There’s nothing quite like a smarty-pants e-mail.
What I mean by that is: when somebody sends you a message that seems innocent enough at a glance, but beyond the surface niceties, there’s an underlying smarty-pants attitude that can’t be denied. The reason I even bring this topic up is because I got one of those SP messages the other day. It was from our dear friend Scott who happens to be one of the best cooks I know. Yet, that doesn’t give him the right to parade his gifts in front of those of us less fortunate!
That day when the e-mail arrived, he was clearly flaunting the virtues of culinary delight and thereby, covertly, showcasing his innate kitchen skills. Without going into great detail, Cheryl then joined in the rather blatant SP display by responding with detailed descriptions of her own exquisite kitchen creations. (by the way, I guess it’s important to know that Cheryl was in California at the time of this egoic exchange). Sauteed this, diced that, all the while throwing around fancy words like confit and sprinkled. For someone like me, they could have been speaking Italian for all I knew.
My only response was to make it clear that I wasn’t participating in their snooty little food-fest. I then retaliated somewhat childishly by over-describing my own very ordinary meal complete with a jug of wine rather than a bottle. And, furthermore, I was totally satisfied with my level of sophistication in a foodal sense. I thought the contrast would do them some good and bring them back down to earth. It turns out, their responses were kind, thoughtful and they were open to my humor, which took me aback. It was then that I started to seriously reconsider my position. Was I closed? Unable to learn new skills? averse to change, jealous of their superior civility, or what?
Later that week, my insecurities got the best of me when I somewhat reluctantly agreed with Scott on a skype call, that perhaps it would do me good to get outside of myself and loosen up some of those stubborn routines that may be holding me back. Why not try life from a little different slant? That’s when the refrigerator talk started.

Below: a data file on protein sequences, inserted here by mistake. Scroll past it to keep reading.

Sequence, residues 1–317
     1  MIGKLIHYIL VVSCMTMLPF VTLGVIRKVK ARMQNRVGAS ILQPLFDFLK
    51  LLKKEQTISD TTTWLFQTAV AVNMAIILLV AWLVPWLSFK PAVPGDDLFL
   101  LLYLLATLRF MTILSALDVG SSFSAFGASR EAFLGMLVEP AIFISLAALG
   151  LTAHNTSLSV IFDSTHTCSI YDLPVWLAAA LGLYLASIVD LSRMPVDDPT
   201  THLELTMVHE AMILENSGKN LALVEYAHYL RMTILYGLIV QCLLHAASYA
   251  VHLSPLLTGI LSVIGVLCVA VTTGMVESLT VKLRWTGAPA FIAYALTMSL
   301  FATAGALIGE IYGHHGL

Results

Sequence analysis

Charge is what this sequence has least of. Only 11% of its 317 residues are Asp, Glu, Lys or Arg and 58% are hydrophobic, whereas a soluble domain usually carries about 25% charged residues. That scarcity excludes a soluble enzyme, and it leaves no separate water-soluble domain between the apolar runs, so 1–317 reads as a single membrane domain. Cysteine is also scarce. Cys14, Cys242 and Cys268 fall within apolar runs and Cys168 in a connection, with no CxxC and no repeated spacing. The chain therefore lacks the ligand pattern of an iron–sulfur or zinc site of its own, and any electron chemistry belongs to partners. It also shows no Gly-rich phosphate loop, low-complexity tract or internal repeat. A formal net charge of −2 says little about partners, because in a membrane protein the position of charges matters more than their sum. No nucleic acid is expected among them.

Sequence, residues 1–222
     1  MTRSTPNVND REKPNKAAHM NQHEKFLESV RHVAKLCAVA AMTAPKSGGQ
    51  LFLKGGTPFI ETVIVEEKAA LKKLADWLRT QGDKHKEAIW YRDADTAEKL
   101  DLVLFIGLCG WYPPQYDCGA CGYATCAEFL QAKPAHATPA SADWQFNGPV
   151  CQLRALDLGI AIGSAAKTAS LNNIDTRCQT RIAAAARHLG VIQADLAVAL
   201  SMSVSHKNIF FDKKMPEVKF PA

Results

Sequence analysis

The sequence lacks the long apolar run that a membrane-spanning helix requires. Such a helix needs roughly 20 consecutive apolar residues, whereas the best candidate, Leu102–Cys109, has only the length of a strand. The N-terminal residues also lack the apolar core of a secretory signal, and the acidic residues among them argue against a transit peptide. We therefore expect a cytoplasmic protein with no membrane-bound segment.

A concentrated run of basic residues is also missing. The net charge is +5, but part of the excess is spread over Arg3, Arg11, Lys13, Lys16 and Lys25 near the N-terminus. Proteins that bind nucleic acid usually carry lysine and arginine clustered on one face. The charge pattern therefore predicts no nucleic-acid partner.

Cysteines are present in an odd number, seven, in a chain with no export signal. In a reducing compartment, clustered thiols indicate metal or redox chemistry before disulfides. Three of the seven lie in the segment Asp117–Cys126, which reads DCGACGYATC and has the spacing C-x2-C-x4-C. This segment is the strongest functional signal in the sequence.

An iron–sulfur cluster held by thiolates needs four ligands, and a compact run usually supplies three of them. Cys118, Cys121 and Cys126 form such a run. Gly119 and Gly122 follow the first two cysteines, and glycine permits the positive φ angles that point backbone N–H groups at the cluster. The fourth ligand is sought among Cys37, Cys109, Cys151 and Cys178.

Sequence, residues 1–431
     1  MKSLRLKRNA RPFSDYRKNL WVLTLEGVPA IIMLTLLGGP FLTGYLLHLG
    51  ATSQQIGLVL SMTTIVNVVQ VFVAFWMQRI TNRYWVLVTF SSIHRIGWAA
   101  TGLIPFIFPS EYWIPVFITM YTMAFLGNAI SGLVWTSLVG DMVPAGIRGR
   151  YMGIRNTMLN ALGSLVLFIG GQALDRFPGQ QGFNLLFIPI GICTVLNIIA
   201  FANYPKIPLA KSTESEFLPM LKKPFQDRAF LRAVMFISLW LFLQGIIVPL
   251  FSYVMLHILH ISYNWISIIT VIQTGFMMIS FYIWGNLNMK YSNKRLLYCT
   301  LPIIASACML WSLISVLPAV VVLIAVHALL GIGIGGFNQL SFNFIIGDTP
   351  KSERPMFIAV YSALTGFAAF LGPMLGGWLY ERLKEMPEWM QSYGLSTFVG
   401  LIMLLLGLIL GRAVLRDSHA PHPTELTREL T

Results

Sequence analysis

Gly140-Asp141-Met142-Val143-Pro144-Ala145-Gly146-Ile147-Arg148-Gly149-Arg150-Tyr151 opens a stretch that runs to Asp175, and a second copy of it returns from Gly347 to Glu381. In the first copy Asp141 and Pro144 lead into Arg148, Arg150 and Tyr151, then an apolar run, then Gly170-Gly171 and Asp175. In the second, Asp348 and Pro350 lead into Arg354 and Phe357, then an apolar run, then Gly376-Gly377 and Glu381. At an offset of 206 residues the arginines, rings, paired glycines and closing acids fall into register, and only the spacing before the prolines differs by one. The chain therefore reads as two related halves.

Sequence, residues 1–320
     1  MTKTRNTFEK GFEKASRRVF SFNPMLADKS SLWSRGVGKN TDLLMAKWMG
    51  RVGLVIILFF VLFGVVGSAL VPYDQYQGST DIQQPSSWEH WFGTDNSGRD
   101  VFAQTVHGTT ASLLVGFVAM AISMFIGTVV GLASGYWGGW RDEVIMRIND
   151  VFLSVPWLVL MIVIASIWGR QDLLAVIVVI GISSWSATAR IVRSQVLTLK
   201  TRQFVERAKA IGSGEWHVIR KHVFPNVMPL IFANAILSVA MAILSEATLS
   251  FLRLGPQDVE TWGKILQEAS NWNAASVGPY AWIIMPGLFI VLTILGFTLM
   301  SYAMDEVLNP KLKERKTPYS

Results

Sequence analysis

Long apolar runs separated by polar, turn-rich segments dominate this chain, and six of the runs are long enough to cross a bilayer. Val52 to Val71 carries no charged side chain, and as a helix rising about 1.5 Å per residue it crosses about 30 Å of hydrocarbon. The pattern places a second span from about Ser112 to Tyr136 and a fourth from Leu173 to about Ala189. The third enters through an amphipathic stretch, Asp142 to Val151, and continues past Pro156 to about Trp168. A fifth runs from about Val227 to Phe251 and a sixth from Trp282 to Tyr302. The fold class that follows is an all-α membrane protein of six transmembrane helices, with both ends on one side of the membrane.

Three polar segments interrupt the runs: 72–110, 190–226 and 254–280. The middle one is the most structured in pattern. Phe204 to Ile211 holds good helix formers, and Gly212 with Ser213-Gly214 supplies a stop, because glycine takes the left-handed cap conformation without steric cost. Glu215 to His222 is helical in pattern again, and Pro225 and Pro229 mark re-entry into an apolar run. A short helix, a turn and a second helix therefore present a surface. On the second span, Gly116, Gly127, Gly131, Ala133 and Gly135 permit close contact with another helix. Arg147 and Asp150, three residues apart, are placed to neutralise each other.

Scott said that I needed to imagine opening the refrigerator as something fun and happy. That cold box needs to become a place where you find scrumptious surprises and taste treats galore. He said “the sight of exotic and luscious ingredients awaiting your creative input is quite simply, one of life’s joys.” Okay. I over simplified his idea so I could relate to it better by calling it the “happy refrigerator”.
My commitment was to go to the Caldine market down the hill where I would only buy items that I normally wouldn’t buy. Oh yeah . . . and I also decided on my own, to choose the higher priced offerings with really attractive labels. So that’s what I did. My assignment was to report back the next day on the experience to see if it had changed my life measurably. Right!
To my surprise, I found myself really looking forward to lunch even more than I normally do. There was an undercurrent of excitement as midday approached. In addition, the act of opening the il porto di frigorifero, fridge door was pretty cool (pardon the pun). There before me, just as Scott had promised was a veritable panoply of flavors—all awaiting my creative impulse.
That was perhaps the best lunch I have ever made for myself. I’m still reeling from the overwhelming wholeness of the experience. First, there was the pita filled with salame, bresaola, thinly sliced tacchino arrosto, roasted turkey and scamorza affumicata, smoked provalone, all grilled to perfection. Then came the carciofi, artichoke hearts lightly sauteed with a drizzle of olive oil. All was accompanied by fresh schiacciatta, Italian flat bread dipped in Genovese pesto. Then, a crisp and beautiful stark apple alongside fresh ciliegie, cherries from the market. Top that with a desert of lemon yogurt from the Alto Adige region in the Italian alps. Then wash it all down with a bottle of La Rossa, the amber Moretti birra, beer that’s incomperable. Nothing to it.
So I issued my report the next day to the so-called panel of judges (which by now included Marti). Compliments came from everyone involved and I really did feel good about what had just happened.
I don’t have any illusions that I’m going to wake up tomorrow as some born again chef with the taste buds of a pro. No. But, I do think that something in me has shifted a bit. There’s an opening in my rigid patterns—a crack where a thin ray of light shines through. Maybe there are some follow-up things I can do to build on my newly acquired sensitivity and skills. But even if that never happens, and I go back to my boring and repetitive ways, I can rest easy knowing that at least I have brought a little joy into life by making our refrigerator HAPPY!
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